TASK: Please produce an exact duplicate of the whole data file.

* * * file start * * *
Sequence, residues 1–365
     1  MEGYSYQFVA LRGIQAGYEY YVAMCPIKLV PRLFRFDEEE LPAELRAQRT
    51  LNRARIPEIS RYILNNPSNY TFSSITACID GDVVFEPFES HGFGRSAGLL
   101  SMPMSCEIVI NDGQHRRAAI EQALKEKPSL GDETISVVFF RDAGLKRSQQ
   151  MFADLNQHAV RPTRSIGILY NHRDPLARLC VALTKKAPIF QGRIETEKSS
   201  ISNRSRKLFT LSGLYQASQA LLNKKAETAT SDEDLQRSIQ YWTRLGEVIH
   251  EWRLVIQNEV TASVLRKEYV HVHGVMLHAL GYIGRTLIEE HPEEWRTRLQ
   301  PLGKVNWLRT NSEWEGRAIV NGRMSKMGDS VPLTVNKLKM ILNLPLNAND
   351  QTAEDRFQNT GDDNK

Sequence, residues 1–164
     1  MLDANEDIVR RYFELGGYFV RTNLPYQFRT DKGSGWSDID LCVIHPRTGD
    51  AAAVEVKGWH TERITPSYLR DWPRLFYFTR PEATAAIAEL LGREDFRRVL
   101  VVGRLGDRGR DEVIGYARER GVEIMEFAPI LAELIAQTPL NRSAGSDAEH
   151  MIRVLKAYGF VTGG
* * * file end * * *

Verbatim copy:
Sequence, residues 1–365
     1  MEGYSYQFVA LRGIQAGYEY YVAMCPIKLV PRLFRFDEEE LPAELRAQRT
    51  LNRARIPEIS RYILNNPSNY TFSSITACID GDVVFEPFES HGFGRSAGLL
   101  SMPMSCEIVI NDGQHRRAAI EQALKEKPSL GDETISVVFF RDAGLKRSQQ
   151  MFADLNQHAV RPTRSIGILY NHRDPLARLC VALTKKAPIF QGRIETEKSS
   201  ISNRSRKLFT LSGLYQASQA LLNKKAETAT SDEDLQRSIQ YWTRLGEVIH
   251  EWRLVIQNEV TASVLRKEYV HVHGVMLHAL GYIGRTLIEE HPEEWRTRLQ
   301  PLGKVNWLRT NSEWEGRAIV NGRMSKMGDS VPLTVNKLKM ILNLPLNAND
   351  QTAEDRFQNT GDDNK

Sequence, residues 1–164
     1  MLDANEDIVR RYFELGGYFV RTNLPYQFRT DKGSGWSDID LCVIHPRTGD
    51  AAAVEVKGWH TERITPSYLR DWPRLFYFTR PEATAAIAEL LGREDFRRVL
   101  VVGRLGDRGR DEVIGYARER GVEIMEFAPI LAELIAQTPL NRSAGSDAEH
   151  MIRVLKAYGF VTGG